Does architecture shape behaviour? Would you be a better person if you lived in a lovely humanely Modernist place in, say, Stockholm? Not so English, not so lardy, altogether more rational. There's a whole subculture of architecture and planning that debates all this constantly.
Jane Jacobs's 1961 book, The Death and Life of Great American Cities, gave everyone pause about the dangerous combination of Corbusier-ish Radiant City public housing and brutal private developments in inner cities. Jacobs said they had both lost the plot of relating buildings to people and their expectations with terrible effects.
A huge disorienting estate with no familiar features - the doors-and-windows "face"of traditional architecture - or a street lined by blank blocks with no overlooking windows, she argued, encouraged crime and social breakdown. And the people who'd been experimented on with all this planning change were the seriously poor - people with chaotic lives and no resources.
David Watkin's Architecture and Morality was a classic of 1980s militant neoconservatism. Crazed architectural ideologies - not frozen music but frozen manifestos - had made the world a worse place was the Watkins argument. It was focused more on the postwar horrors of socialist planning - or that was how it was read in Keith Joseph country, as another argument to keep the state out of planning and housing. Let Bovis and Lawrie Barratt deal with all that. (Mrs T's former house on Barratt's Dulwich estate - apparently she never actually spent a night there - is an architecturally-illiterate, meanly-rendered, lash-up of a gated compound. So what have the comfortable middle-class residents done to deserve it?
As you fly into Berlin, you go over miles of huge grey square blocks built round yards. They're not prisons or barracks: they're worker housing built to an essentially 19th-century plan by 20th-century Communists. If you had lived there you'd have wanted to drive your Trabi to the other side for ever in 1989.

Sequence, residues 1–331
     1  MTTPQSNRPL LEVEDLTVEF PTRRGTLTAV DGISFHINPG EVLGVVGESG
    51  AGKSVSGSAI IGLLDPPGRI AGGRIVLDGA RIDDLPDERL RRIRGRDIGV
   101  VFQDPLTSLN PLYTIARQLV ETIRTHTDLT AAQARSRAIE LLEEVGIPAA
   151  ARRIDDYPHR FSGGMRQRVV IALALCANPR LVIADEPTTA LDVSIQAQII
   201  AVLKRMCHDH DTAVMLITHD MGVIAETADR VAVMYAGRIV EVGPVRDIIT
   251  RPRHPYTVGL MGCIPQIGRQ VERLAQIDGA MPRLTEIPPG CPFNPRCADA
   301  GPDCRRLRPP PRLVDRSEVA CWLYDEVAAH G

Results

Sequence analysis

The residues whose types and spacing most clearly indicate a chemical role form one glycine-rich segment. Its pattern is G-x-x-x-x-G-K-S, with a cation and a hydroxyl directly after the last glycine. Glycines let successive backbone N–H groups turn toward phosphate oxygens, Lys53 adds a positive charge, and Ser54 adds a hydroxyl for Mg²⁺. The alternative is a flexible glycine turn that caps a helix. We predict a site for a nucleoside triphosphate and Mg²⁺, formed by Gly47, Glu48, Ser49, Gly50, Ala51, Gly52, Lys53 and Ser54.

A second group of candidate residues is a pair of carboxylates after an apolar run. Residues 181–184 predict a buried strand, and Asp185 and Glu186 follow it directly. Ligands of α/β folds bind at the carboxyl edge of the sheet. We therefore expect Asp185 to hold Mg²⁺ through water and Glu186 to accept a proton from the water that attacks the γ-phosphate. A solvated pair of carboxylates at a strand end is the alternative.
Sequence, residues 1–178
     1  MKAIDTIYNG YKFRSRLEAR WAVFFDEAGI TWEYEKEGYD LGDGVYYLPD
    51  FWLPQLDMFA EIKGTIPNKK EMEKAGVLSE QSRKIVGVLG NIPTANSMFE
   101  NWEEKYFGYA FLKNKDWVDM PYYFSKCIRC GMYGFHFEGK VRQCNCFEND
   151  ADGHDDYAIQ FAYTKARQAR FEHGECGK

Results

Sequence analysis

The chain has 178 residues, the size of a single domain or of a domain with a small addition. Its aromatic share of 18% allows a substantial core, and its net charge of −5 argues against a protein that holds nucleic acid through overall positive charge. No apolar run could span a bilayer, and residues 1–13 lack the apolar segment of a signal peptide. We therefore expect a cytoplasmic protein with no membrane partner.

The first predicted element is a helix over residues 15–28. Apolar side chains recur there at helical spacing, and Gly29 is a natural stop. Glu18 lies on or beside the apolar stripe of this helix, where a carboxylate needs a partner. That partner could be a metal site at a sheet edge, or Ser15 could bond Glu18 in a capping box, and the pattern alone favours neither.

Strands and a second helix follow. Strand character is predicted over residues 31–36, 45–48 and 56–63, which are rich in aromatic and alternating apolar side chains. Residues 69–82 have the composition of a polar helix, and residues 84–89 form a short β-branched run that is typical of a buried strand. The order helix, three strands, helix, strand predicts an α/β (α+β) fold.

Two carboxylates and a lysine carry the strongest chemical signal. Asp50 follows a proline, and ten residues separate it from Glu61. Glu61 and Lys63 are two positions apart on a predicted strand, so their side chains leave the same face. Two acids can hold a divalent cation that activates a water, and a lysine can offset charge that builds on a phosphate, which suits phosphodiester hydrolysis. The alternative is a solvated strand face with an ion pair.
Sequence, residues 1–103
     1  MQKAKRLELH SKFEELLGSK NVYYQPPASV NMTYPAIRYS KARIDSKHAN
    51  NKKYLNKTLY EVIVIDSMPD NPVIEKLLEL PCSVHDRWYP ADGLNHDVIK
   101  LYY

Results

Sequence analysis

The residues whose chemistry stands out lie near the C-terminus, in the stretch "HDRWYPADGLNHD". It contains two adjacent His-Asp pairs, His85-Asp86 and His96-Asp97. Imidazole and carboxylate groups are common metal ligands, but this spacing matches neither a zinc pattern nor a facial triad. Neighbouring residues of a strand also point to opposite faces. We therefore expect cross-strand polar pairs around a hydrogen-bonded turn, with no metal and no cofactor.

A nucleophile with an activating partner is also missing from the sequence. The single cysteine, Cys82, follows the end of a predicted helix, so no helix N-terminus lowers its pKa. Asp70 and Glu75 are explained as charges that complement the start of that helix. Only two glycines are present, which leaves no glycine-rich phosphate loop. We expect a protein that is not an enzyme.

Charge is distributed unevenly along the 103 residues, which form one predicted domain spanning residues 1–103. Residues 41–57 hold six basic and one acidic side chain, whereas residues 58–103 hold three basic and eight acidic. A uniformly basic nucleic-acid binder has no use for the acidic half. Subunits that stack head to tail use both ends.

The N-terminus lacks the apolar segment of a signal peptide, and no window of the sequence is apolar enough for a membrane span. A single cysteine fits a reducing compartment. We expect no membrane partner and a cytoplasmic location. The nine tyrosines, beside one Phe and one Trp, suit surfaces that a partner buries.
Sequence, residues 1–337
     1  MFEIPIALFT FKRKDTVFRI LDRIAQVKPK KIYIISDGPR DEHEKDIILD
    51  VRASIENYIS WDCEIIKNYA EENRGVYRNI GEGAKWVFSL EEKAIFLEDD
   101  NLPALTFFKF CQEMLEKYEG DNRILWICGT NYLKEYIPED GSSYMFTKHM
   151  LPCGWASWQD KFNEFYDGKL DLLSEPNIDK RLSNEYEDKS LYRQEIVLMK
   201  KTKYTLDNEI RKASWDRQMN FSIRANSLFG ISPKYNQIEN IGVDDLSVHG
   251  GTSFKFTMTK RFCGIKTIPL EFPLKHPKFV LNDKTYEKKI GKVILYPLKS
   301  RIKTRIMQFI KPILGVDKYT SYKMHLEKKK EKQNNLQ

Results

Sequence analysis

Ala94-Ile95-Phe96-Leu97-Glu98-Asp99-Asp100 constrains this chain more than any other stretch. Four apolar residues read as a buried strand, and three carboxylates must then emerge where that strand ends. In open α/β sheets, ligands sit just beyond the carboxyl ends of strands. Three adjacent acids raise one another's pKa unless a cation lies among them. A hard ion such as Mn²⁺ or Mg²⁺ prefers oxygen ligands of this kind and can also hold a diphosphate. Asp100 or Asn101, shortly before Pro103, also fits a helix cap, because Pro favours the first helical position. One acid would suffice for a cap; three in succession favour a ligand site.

But before anyone feels too triumphalist, go and look at the Tory alternative. Organise a day trip from London to "Chelsea Harbour" (if that's Chelsea, then I live in Dagenham), another gated compound, over-subscribed by the mature Tory New Rich (Michael Caine et al) and broadly patterned after a New Jersey estate for retired dentists. Then go and look at some of the Bongo Free Enterprise new apartment blocks on the riverside round there.
But is there a housing template that lifts the spirit and encourages cooperative civilisation, a sort of John Lewis Partnership of planning? Dr Muthesius, that thoughtful, 19th-century German, saw it in the English Suburban House tradition and encouraged a mass of high-minded middle-class Germans and Swiss to live in Arts and Craftsy Voysey-ish houses.
We never really returned the compliment. But what really makes Haussmann Paris and masses of wannabe 19th-century European cities (count in places like Buenos Aires and old New York too) are the bourgeois blocks of flats. Elegant, comfortable - they're the successful democratisation of urban luxury. (We tried it weedily in Britain with the Edwardian mansion blocks - Edgware Road and Albert Hall Mansions - but the idea didn't survive the First World War.)
Just such a gorgeous Euro block, somewhere in Latin Europe, is the star of the beautiful new Bacardi commercial. It celebrates Beauty, and The Elements. I don't imagine that's exactly how they pitched the idea to the client, but it's how it turned out.
A gang of mainly youngish, arty-ish Biennale-crowd types move higher and higher up a palace block, to drink to the ochre-red setting sun. They start as two on one delicious balcony, and they multiply as they troop through sun-dappled panelled rooms and on to the great stone stairs with their gloriously curly balustrades, up to the roof, where in the final frame what looks like one of a middle-aged Almodóvar gay couple ("Carlos and Antonio have been together since 1968") lifts up the other to catch the light.
Bacardi wasthe former advertising home of Vinnie Jones and Latin American dominatrices, parent of the Breezer (the beverage most sicked up by under-age girls on a night out in Nottingham city centre) and a brand once heading as precipitously down market as the Burberry check. So getting thoroughly nice young world citizens behaving well together in a beautiful building in prime Old Europe hasn't come a moment too soon.